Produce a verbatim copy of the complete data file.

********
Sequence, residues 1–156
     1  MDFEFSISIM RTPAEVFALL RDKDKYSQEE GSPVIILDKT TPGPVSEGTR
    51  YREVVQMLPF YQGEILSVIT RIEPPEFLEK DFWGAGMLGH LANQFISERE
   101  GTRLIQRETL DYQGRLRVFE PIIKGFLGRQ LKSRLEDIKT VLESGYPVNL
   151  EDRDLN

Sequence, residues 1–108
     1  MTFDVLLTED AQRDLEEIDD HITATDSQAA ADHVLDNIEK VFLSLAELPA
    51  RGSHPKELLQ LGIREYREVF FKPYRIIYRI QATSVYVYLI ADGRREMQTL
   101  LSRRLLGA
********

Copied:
Sequence, residues 1–156
     1  MDFEFSISIM RTPAEVFALL RDKDKYSQEE GSPVIILDKT TPGPVSEGTR
    51  YREVVQMLPF YQGEILSVIT RIEPPEFLEK DFWGAGMLGH LANQFISERE
   101  GTRLIQRETL DYQGRLRVFE PIIKGFLGRQ LKSRLEDIKT VLESGYPVNL
   151  EDRDLN

Sequence, residues 1–108
     1  MTFDVLLTED AQRDLEEIDD HITATDSQAA ADHVLDNIEK VFLSLAELPA
    51  RGSHPKELLQ LGIREYREVF FKPYRIIYRI QATSVYVYLI ADGRREMQTL
   101  LSRRLLGA